Is this long term bull market different from those of the past? No.
Are things really different this time around? No.
This phrase comes into play when markets go through periods of major declines and gains. Think of the losses during 2008-09 or the huge tech increases in the late 1990s.
History and academic research teaches us that “it’s not different this time,” even if you may feel that it is.
As in the past, patient and disciplined investors will do best by adhering to their investment plan and a well thought out strategy.
Those who actively trade or try to time the market will most likely do worse than those who focus on the long term.
Investors who focus on low costs and diversification, such as asset class funds like we recommend, will have a greater chance of success. Data shows that lower investment costs are correlated with better performance.
Will this market end up in a bubble? It is possible. But no one can accurately predict exactly when this may occur. Even if they could, would they also be able to predict the bottom to get back in?
A bubble or temporary peak is somewhat normal for stock market activity. So are declines and corrections. The highs are generally too high and the lows are too low. Over time, the world’s stock markets continue to reach new highs and investors reap the rewards, even if they are interrupted by sharp, temporary declines along the way.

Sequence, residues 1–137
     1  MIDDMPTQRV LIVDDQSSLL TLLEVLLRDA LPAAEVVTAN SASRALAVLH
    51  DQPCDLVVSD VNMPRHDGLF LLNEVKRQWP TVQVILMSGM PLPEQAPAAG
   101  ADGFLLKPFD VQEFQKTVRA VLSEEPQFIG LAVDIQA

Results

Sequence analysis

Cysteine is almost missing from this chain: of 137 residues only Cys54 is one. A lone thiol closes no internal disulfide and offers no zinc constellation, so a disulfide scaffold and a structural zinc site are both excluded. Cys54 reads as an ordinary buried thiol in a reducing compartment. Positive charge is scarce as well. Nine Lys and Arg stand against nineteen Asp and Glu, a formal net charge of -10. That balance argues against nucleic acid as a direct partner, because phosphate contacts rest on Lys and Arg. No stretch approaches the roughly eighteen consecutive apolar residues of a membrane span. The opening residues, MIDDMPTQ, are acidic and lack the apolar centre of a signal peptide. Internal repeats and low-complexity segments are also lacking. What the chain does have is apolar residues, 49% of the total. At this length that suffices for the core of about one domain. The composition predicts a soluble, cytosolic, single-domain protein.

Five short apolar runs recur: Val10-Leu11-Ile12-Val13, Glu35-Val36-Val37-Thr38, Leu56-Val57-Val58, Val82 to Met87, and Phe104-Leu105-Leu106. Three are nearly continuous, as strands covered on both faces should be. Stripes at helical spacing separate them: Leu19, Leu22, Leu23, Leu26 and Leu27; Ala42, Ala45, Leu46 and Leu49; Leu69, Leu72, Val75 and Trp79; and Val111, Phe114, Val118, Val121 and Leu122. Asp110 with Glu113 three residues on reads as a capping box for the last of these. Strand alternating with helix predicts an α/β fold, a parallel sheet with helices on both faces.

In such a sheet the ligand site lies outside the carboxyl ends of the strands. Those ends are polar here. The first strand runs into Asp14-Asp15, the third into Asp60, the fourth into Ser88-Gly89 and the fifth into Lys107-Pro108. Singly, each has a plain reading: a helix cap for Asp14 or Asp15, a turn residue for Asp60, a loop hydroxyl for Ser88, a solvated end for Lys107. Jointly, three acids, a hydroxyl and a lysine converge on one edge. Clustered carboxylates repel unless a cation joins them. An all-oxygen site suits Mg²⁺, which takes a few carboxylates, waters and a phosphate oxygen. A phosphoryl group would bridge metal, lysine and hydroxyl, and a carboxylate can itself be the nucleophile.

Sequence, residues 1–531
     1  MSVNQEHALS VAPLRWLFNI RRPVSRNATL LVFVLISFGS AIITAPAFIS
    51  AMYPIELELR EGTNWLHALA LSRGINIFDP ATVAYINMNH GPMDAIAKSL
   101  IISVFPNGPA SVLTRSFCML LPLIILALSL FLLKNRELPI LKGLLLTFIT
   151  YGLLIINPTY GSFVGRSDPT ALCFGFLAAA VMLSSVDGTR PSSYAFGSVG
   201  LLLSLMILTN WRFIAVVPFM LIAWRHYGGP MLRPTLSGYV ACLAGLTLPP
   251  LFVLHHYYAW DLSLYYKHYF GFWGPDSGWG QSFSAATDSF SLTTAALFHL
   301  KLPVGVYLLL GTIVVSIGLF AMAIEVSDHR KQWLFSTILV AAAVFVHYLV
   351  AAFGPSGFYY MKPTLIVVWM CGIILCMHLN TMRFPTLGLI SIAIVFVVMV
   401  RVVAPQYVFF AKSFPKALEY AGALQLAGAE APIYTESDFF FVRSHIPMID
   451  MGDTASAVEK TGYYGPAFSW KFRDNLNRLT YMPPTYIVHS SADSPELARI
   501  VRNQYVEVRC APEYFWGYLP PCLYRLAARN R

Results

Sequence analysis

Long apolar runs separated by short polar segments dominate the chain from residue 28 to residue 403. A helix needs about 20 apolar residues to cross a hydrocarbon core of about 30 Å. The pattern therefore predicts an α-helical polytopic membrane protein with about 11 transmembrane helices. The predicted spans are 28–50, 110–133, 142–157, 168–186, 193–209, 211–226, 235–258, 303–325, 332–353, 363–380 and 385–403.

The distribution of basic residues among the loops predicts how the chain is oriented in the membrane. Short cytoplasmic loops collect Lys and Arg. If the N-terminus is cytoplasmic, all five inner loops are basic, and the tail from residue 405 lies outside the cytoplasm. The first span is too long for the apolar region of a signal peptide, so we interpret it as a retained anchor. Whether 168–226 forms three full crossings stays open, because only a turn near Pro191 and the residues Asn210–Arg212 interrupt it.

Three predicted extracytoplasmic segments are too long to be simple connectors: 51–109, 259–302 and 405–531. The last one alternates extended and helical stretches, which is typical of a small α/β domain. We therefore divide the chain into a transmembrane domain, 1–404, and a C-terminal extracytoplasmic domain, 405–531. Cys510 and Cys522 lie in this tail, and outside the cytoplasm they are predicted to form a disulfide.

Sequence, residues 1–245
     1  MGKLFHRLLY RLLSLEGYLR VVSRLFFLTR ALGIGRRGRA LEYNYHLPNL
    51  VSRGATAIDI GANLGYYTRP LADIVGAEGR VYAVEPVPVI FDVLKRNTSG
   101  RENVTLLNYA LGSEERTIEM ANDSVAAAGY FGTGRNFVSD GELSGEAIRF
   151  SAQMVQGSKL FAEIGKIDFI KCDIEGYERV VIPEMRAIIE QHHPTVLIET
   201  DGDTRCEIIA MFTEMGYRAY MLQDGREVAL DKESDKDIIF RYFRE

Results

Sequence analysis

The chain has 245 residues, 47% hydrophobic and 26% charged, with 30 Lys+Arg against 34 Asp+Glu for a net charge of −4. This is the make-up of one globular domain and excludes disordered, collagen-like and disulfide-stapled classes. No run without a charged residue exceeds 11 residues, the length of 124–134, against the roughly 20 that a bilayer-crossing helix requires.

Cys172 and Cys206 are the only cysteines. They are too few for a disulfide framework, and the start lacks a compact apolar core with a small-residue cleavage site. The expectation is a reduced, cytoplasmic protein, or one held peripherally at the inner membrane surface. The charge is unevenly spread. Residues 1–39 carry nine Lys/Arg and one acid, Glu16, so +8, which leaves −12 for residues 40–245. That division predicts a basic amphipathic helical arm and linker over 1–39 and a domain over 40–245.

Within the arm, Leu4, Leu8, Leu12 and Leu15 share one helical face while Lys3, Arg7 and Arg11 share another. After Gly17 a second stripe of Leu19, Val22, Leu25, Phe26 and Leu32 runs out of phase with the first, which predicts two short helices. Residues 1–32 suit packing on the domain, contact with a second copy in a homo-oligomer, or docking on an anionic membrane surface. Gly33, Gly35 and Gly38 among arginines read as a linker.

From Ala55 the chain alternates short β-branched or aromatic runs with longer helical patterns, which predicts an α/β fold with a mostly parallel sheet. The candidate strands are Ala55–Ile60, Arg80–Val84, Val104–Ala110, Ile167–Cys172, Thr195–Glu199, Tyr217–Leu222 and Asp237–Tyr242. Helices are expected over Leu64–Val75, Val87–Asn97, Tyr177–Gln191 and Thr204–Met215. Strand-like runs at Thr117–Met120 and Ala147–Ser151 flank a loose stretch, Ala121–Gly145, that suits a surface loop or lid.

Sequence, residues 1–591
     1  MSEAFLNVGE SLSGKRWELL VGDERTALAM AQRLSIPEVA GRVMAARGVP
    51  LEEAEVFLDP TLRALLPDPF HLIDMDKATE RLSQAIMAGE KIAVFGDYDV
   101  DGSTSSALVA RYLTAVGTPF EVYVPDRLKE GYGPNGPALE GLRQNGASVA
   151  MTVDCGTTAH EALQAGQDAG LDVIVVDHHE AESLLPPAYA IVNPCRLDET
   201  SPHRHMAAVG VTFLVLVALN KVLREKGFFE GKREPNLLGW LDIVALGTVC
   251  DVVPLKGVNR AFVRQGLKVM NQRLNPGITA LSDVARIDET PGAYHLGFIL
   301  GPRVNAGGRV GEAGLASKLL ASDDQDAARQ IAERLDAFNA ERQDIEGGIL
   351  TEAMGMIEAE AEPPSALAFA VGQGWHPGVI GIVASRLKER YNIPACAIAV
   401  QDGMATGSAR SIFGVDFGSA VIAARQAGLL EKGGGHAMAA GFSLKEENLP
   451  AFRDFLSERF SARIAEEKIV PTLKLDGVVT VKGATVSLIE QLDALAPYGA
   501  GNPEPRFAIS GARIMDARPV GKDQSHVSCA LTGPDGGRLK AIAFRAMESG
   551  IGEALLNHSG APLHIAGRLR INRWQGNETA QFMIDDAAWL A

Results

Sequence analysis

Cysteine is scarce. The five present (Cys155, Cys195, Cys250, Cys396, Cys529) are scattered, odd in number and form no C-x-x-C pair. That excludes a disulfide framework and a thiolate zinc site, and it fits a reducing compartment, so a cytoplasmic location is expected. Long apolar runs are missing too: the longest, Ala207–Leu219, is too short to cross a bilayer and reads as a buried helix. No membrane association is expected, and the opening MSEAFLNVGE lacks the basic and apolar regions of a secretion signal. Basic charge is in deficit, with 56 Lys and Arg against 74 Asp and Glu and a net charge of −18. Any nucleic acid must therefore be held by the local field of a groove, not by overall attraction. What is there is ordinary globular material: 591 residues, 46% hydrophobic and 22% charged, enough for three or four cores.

Investing may seem easy today, when markets are increasing. When the next major decline occurs, and major declines will occur again and again in the future, remember these words. It will not be different then. Each decline may seem scary and unexpected. How and when the market will recover may seem unclear. Negativity and fear will be everywhere. Most people will think it is actually different this time. But you will know it is not truly different. Just the specific circumstances will be different. That is when this historical perspective will come to your aid. We will provide you with rationality during the uncertainty. We will remind you that optimism is the only realism.
The stock market today has some individual stocks which appear to be quite overvalued. This has been the case for some individual stocks for many years. But individual stocks are not a game we feel is worthwhile to play with your serious money. Investors who buy these hot large cap growth stocks may be successful, but they also are at much greater risk when the next downturn occurs or when one of these companies incurs an earnings miss.
At the same time, there are many asset classes and individual stocks which are more reasonably valued. As no one can accurately predict in advance when an individual stock or asset class will rise or fall, we will continue to recommend that our clients remain invested in a globally diversified portfolio using asset class mutual funds, according to their personal Investment Policy Statement.
This time is not different. There will be a correction at some point. But we have not advised our clients to wait on the sidelines for that to occur. In the words of legendary mutual fund manager Peter Lynch, “far more money has been lost by investors preparing for corrections or trying to anticipate corrections than has been lost in corrections themselves.”
Our goal is to provide you with advice which will enable you to secure a real-life outcome superior to that achieved by the vast preponderance of your peers. This is different.
This week’s takeaway: Stock markets increase over time. Corrections and significant declines will occur, but they will be temporary and the markets will recover. The cause and timing of these corrections cannot be predicted. During these times, when the markets are down and many others say “this time it’s different,” it will not really be different.